Nvidia Says It's Achieved ‘Near-Bare-Metal’ AI Performance on vSphere

Its new AI Enterprise software suite aims at simplifying AI for enterprises, which includes making it easier to do on VMware.

3 Min Read
Nvidia's DGX-2 supercomputer on display at GTC 2018
Nvidia's DGX-2 supercomputer on display at GTC 2018Yevgeniy Sverdlik

Nvidia and VMware say you no longer have to build custom solutions for accessing GPUs processing AI workloads from VMware virtual infrastructure. And, running AI workloads on virtualized infrastructure won’t give you performance that’s much worse than running them on bare metal.

Nvidia this week introduced a software suite designed to make it easier for enterprises to develop and deploy AI workloads on VMware-virtualized infrastructure, either in their own data centers or in the cloud.

The software, called Nvidia AI Enterprise, is a comprehensive set of AI tools and frameworks designed for VMware vSphere 7 Update 2, whose availability was announced this week as well.

“It’s a collection of tools that helps you get started with AI development [and deploy] AI into production,” Justin Boitano, VP and general manager of Nvidia’s Enterprise and Edge Computing, said in an interview with DCK.

Historically, most IT organizations have run AI workloads on bare-metal servers because running AI on virtual servers would result in a big performance hit, he said. However, Nvidia optimized its AI Enterprise software to provide enterprises “near-bare-metal” performance on vSphere, he wrote in a blog post.

Nvidia AI Enterprise, which can be deployed on premises using vSphere or in hybrid cloud environments using VMware Cloud Foundation, is targeted at enterprises in every industry, from healthcare and manufacturing to financial services, and will reduce AI model development time from 80 weeks to 8 weeks, the company said.

“You get into production a year faster,” Boitano said.

Analysts say Nvidia’s partnership with VMware is a natural fit. Nvidia has invested heavily in developing its AI hardware and software business and is the dominant supplier of accelerators used in supercomputers for machine learning and traditional high-performance computing workloads.

The two companies announced plans to integrate Nvidia’s AI software with vSphere, VMware Cloud Foundation, and Tanzu (VMware’s software portfolio for running Kubernetes on any infrastructure) at VMworld last September.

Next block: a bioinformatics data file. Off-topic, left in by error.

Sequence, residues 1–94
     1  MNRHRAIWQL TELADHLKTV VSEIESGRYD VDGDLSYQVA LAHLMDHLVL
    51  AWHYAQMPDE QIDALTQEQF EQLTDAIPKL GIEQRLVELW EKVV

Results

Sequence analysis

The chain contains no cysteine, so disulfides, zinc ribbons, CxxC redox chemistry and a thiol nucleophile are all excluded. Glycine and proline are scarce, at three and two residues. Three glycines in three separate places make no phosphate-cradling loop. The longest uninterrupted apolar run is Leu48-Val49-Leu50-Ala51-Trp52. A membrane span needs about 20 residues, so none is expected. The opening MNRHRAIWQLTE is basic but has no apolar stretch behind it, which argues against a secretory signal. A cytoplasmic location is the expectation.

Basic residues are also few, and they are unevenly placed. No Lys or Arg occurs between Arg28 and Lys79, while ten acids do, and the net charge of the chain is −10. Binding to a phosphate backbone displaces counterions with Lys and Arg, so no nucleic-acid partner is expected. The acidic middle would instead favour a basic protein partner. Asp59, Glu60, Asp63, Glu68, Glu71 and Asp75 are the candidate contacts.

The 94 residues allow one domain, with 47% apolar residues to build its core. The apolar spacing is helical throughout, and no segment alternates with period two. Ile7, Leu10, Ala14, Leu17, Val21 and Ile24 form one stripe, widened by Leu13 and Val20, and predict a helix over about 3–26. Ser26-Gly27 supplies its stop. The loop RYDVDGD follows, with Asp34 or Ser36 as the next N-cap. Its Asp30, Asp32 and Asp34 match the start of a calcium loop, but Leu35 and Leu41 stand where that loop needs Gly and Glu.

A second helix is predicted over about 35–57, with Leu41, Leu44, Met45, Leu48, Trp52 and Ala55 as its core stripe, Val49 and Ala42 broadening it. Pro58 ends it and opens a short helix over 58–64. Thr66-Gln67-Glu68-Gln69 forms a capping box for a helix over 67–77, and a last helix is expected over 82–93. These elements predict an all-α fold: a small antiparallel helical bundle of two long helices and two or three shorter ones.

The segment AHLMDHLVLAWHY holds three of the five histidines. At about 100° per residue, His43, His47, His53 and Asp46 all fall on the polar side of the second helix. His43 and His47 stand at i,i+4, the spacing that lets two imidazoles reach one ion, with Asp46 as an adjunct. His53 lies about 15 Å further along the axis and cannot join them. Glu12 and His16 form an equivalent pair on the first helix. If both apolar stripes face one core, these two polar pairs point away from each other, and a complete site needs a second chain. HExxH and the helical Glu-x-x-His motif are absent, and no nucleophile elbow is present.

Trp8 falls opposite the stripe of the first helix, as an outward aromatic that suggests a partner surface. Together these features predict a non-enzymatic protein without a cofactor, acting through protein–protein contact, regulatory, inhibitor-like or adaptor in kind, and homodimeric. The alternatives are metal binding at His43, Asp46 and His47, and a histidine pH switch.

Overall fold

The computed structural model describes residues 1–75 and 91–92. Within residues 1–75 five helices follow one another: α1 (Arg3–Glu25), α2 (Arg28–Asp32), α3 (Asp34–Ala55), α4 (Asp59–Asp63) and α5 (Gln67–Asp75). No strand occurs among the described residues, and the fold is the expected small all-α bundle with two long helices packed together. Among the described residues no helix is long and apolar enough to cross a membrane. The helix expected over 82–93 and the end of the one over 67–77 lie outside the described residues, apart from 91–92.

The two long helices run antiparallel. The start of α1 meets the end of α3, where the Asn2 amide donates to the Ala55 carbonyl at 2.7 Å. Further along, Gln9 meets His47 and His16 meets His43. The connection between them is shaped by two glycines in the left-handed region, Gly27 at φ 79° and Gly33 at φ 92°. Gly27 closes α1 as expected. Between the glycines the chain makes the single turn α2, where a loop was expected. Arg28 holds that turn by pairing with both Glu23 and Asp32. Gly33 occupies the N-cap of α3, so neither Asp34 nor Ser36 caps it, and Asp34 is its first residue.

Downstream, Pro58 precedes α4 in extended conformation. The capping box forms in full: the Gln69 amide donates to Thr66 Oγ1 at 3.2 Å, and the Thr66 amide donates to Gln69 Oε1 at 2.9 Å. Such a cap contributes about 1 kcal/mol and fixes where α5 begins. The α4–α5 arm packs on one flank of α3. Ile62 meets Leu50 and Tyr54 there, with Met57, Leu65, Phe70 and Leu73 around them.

“This partnership totally makes sense,” Gary Chen, IDC’s research director of software-defined compute, told DCK. “To run AI, you need GPUs, and Nvidia makes the GPUs.”

The partnership is also important for VMware because it gives its customers a validated solution for virtualizing their AI workloads, he said.

“Everyone is doing something with AI. It’s a key workload,” Chen said. “In the past, you could access GPUs from VMware, but it was more ‘build it and engineer it yourself.’ Now, with the Nvidia and VMware collaboration, they have a tested, validated solution. This will cut down on a lot of the custom building. It’s less risk for the customer.”

VMware vSphere 7 Update 2 is now certified for Nvidia A100 Tensor Core GPUs on Nvidia-certified systems, including those from Dell, Hewlett-Packard Enterprise, Lenovo, and Supermicro. This certification means that Nvidia will provide direct customer support to vSphere customers that purchase a license for Nvidia AI Enterprise, the companies said.

Nvidia AI Enterprise is available now to early-access customers, meaning you can apply for a test drive.

As part of Tuesday’s announcements, VMware announced that vSphere 7 Update 2 and vSAN 7 Update 2 are also available now.

New features include enhancements that simplify operations, more efficient storage and better security. More specifically, the updated vSphere supports encrypted containers on servers powered by AMD EPYC processors.

About the Author(s)

Data Center Knowledge

Data Center Knowledge, a sister site to ITPro Today, is a leading online source of daily news and analysis about the data center industry. Areas of coverage include power and cooling technology, processor and server architecture, networks, storage, the colocation industry, data center company stocks, cloud, the modern hyper-scale data center space, edge computing, infrastructure for machine learning, and virtual and augmented reality. Each month, hundreds of thousands of data center professionals (C-level, business, IT and facilities decision-makers) turn to DCK to help them develop data center strategies and/or design, build and manage world-class data centers. These buyers and decision-makers rely on DCK as a trusted source of breaking news and expertise on these specialized facilities.

Wylie Wong

Wylie Wong is a journalist and freelance writer specializing in technology, business and sports. He previously worked at CNET, Computerworld and CRN and loves covering and learning about the advances and ever-changing dynamics of the technology industry. On the sports front, Wylie is co-author of Giants: Where Have You Gone, a where-are-they-now book on former San Francisco Giants. He previously launched and wrote a Giants blog for the San Jose Mercury News, and in recent years, has enjoyed writing about the intersection of technology and sports.

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